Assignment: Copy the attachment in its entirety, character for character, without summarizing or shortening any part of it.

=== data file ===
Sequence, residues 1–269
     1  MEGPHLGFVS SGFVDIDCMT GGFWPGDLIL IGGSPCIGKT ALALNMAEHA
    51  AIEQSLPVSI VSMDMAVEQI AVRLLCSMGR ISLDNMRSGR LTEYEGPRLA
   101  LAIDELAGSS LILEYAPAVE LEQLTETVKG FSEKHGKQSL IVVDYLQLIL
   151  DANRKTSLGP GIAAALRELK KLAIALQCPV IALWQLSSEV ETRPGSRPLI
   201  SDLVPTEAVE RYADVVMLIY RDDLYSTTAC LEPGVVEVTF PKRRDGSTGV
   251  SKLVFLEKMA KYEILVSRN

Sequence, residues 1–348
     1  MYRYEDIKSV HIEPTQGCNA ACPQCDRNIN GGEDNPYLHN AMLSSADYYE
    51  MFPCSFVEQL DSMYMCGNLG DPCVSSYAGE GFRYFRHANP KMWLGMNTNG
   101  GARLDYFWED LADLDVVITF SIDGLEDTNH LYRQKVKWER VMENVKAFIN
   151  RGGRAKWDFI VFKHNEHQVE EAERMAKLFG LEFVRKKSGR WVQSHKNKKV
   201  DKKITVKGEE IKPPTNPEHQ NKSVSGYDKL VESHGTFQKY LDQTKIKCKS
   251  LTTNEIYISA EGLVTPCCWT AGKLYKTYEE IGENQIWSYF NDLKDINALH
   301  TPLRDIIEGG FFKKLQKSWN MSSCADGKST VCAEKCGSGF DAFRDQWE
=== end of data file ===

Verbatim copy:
Sequence, residues 1–269
     1  MEGPHLGFVS SGFVDIDCMT GGFWPGDLIL IGGSPCIGKT ALALNMAEHA
    51  AIEQSLPVSI VSMDMAVEQI AVRLLCSMGR ISLDNMRSGR LTEYEGPRLA
   101  LAIDELAGSS LILEYAPAVE LEQLTETVKG FSEKHGKQSL IVVDYLQLIL
   151  DANRKTSLGP GIAAALRELK KLAIALQCPV IALWQLSSEV ETRPGSRPLI
   201  SDLVPTEAVE RYADVVMLIY RDDLYSTTAC LEPGVVEVTF PKRRDGSTGV
   251  SKLVFLEKMA KYEILVSRN

Sequence, residues 1–348
     1  MYRYEDIKSV HIEPTQGCNA ACPQCDRNIN GGEDNPYLHN AMLSSADYYE
    51  MFPCSFVEQL DSMYMCGNLG DPCVSSYAGE GFRYFRHANP KMWLGMNTNG
   101  GARLDYFWED LADLDVVITF SIDGLEDTNH LYRQKVKWER VMENVKAFIN
   151  RGGRAKWDFI VFKHNEHQVE EAERMAKLFG LEFVRKKSGR WVQSHKNKKV
   201  DKKITVKGEE IKPPTNPEHQ NKSVSGYDKL VESHGTFQKY LDQTKIKCKS
   251  LTTNEIYISA EGLVTPCCWT AGKLYKTYEE IGENQIWSYF NDLKDINALH
   301  TPLRDIIEGG FFKKLQKSWN MSSCADGKST VCAEKCGSGF DAFRDQWE